These days, I get email after email from anyone and everyone who has predictions for cloud computing in 2013. I've started to delete them without reading any. Why? They all say very obvious and simplistic things around an industry that is very nonobvious and very complex, if you peel back the layers. Worst of all, because most of the predictions come from technology vendors, their forecasts are annoyingly positive.
This is not to say that cloud computing won't have high growth and high energy in 2013 -- it will. However, not everything will be so rosy, and understanding the negative predictions is important for anyone adopting cloud computing.
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In the spirit of constructive realism, here are my two tragic cloud computing predictions for 2013.
1. The cloud computing price wars will kill the smaller providers in 2013. I don't know if you've noticed, but Amazon.com dropped its prices three times in the last month. Google followed suit, then Microsoft. There is a race to the bottom when it comes to cloud pricing, as the larger providers try to capture as much share as they can of this exploding market.
The downside is that the smaller providers without huge war chests of cash, but with impatient investors, won't be able to make money at the prices that the larger names charge. Many of them will struggle to hang in through the days of low or no cloud computing profits -- and many of them will have to toss in the towel or have the towel tossed in for them.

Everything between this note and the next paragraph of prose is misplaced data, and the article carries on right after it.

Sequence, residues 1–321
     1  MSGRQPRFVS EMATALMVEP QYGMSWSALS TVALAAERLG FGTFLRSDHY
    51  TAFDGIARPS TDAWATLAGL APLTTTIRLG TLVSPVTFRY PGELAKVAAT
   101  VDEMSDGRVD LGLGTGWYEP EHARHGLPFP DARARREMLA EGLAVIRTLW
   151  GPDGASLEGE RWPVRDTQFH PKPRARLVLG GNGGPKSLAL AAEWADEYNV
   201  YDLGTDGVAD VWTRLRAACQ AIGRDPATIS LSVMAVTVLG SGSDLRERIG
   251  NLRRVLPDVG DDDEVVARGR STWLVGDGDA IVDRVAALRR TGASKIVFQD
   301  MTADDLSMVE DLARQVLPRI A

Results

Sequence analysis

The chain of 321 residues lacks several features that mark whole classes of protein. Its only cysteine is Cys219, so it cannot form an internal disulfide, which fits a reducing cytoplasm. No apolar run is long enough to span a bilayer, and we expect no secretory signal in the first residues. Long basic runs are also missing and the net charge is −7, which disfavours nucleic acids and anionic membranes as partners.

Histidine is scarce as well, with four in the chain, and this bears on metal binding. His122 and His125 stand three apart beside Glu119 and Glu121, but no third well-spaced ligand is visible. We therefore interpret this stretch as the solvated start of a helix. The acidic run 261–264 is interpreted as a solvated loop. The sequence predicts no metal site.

The good news for the larger providers: Once the smaller providers are pushed out, you can begin to raise your prices. Hmm, it sounds suspiciously like a page from the big-box stores' playbook -- and a warning for cloud adopters not to count on low, low prices as the norm.
2. The cloud computing skills shortage will crater more projects than we expect in 2013. There is a clear lack of cloud computing talent as the market explodes around the relatively handful of cloud geeks available to do the work. As a result, many cloud projects starting this year won't be able to find the cloud architects, developers, security specialists, and others they need to complete the tasks. The lower talent levels available will equate to lower levels of success and to a hindrance of achieving cloud computing's promise.
Of course, everyone and anyone would like to retool their skills for the cloud these days, and eventually the number of qualified candidates will close in on the number of open positions. But I don't think that will occur until early 2015. For the next few years, count on more than a few cloud projects smacking the ground due to pilot error.
Other than these two downsides, we should have a good 2013. I'm looking forward to it.
This article, "Cloud computing in 2013: Two warnings," originally appeared at InfoWorld.com. Read more of David Linthicum's Cloud Computing blog and track the latest developments in cloud computing at InfoWorld.com. For the latest business technology news, follow InfoWorld.com on Twitter.